From The Seattle Times:
McFarland [Publishing] and others in the book world worry that Amazon will use its pricing pressure to crush publishers. They say Amazon’s demands for deeper discounts threaten already-thin profit margins, and some warn about an Amazon monopoly.
Amazon, which declined to answer questions or discuss its relations with publishers for this story, dominates the U.S. market for print books sold online and also leads the market for electronic books. At the same time, it’s working to become a big-name publisher in its own right.
Although publishers rarely criticize companies they do business with, some say they’re speaking out against Amazon partly because they’re offended by its tactics. They describe Amazon’s demands — made in email, with no personal-contact information provided — as overly aggressive and leaving almost no room for discussion.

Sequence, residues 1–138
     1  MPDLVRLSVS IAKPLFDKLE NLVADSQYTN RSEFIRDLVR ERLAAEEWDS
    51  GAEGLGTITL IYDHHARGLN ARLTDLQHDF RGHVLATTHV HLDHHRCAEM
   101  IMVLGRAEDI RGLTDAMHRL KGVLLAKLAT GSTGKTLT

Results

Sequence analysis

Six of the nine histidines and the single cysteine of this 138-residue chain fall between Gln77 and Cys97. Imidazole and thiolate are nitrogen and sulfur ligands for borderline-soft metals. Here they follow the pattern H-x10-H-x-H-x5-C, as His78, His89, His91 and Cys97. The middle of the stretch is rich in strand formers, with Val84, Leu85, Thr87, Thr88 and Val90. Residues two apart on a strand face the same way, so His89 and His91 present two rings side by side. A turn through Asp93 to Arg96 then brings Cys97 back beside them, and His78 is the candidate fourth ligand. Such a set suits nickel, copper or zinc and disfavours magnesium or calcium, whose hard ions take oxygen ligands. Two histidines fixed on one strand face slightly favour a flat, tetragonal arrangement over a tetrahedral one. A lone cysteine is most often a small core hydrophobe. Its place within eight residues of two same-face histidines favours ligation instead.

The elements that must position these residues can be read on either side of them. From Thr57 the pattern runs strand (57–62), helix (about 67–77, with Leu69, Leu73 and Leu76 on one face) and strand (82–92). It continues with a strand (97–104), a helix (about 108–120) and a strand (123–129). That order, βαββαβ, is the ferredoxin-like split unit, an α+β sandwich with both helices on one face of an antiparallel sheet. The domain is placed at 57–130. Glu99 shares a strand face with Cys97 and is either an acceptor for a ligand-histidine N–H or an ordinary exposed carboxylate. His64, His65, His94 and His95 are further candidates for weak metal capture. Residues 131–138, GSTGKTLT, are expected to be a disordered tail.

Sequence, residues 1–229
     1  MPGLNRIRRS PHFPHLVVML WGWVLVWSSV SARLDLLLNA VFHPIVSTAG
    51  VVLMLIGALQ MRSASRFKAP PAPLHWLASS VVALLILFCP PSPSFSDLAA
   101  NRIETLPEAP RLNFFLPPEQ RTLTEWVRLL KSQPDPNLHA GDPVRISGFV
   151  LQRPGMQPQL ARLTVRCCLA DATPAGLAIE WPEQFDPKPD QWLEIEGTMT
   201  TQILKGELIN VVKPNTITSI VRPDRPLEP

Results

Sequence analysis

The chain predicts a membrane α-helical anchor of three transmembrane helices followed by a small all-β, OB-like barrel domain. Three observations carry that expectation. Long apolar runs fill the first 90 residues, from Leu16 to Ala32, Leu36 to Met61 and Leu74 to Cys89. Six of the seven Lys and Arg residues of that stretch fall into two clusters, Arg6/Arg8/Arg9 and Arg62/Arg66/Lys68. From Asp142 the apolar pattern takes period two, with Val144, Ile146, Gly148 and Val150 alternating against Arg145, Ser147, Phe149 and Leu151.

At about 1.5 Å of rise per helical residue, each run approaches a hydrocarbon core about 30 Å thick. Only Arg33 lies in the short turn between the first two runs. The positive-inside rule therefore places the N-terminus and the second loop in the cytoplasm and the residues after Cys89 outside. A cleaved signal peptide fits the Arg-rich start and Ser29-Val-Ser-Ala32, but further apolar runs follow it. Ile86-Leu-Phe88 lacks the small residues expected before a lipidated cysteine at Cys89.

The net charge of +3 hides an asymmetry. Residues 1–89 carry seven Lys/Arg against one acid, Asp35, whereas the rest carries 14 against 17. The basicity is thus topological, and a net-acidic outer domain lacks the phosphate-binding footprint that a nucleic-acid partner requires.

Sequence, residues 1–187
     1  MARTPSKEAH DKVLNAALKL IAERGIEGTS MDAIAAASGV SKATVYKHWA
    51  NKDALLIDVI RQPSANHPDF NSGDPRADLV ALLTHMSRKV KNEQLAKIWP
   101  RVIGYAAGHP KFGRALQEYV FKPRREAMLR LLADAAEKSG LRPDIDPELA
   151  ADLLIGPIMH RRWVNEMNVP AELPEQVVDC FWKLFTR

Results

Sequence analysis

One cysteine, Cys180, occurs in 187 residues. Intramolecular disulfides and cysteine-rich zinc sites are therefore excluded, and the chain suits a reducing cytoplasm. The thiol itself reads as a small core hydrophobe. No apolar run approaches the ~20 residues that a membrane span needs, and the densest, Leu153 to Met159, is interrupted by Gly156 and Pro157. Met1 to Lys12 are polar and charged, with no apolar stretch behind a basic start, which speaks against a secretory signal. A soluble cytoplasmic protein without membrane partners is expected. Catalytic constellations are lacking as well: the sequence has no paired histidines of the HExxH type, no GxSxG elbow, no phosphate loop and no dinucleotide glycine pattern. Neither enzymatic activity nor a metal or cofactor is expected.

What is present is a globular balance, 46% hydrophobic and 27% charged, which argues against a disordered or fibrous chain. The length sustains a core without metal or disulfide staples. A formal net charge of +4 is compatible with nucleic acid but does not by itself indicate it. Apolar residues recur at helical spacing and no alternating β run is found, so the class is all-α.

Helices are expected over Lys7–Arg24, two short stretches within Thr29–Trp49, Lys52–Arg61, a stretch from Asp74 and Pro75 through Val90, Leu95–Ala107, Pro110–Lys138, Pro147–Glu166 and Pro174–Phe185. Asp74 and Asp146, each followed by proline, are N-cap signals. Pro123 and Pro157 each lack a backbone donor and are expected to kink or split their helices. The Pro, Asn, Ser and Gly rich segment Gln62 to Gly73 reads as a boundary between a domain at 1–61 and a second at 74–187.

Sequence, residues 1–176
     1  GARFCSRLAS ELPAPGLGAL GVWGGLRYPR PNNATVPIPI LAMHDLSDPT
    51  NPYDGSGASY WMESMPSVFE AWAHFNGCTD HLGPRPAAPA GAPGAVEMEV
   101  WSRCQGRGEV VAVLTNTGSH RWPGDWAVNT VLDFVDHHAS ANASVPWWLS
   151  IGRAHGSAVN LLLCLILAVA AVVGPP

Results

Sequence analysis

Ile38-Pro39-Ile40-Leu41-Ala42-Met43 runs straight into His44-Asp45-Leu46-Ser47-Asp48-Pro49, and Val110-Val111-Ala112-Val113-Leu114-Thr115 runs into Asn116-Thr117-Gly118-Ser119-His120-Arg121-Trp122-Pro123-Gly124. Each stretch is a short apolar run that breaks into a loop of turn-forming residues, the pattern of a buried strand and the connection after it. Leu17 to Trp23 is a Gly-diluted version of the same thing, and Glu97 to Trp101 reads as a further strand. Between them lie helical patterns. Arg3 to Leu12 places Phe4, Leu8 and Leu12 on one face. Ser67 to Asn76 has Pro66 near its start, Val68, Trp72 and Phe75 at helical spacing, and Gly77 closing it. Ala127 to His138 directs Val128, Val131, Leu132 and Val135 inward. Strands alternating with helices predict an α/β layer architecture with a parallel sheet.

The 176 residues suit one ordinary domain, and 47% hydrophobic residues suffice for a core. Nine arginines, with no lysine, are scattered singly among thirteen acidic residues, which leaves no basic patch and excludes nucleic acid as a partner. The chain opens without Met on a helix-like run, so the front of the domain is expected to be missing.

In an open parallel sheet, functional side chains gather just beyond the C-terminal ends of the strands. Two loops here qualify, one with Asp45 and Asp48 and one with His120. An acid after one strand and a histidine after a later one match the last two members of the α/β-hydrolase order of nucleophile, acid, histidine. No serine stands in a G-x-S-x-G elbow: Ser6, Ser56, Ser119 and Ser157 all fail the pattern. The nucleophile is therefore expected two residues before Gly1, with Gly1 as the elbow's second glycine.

Robert Franklin, who founded McFarland as a library-oriented publisher in 1979 and remains its president, describes Amazon’s new terms as a financial non-starter. His 55-employee firm publishes nearly 400 titles a year — reference books, monographs and other serious works — mostly for a small audience.
“When you have a book that your gut tells you is going to sell 400 or 500 copies, you don’t have any room to move on pricing. You’re already cut to the bone,” Franklin said.
Read the Complete Seattle Times Article